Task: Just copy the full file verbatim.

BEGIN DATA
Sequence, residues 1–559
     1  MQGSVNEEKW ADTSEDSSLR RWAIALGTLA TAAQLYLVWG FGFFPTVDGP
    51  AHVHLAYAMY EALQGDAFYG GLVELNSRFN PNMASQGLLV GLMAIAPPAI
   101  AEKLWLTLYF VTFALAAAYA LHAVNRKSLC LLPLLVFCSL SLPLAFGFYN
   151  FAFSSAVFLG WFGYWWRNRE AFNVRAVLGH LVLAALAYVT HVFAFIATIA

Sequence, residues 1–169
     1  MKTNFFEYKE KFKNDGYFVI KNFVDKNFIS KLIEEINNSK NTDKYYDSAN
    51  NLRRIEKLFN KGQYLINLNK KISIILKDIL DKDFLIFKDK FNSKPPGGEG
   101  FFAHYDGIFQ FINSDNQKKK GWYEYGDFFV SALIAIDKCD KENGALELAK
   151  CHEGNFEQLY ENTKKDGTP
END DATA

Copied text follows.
Sequence, residues 1–559
     1  MQGSVNEEKW ADTSEDSSLR RWAIALGTLA TAAQLYLVWG FGFFPTVDGP
    51  AHVHLAYAMY EALQGDAFYG GLVELNSRFN PNMASQGLLV GLMAIAPPAI
   101  AEKLWLTLYF VTFALAAAYA LHAVNRKSLC LLPLLVFCSL SLPLAFGFYN
   151  FAFSSAVFLG WFGYWWRNRE AFNVRAVLGH LVLAALAYVT HVFAFIATIA

Sequence, residues 1–169
     1  MKTNFFEYKE KFKNDGYFVI KNFVDKNFIS KLIEEINNSK NTDKYYDSAN
    51  NLRRIEKLFN KGQYLINLNK KISIILKDIL DKDFLIFKDK FNSKPPGGEG
   101  FFAHYDGIFQ FINSDNQKKK GWYEYGDFFV SALIAIDKCD KENGALELAK
   151  CHEGNFEQLY ENTKKDGTP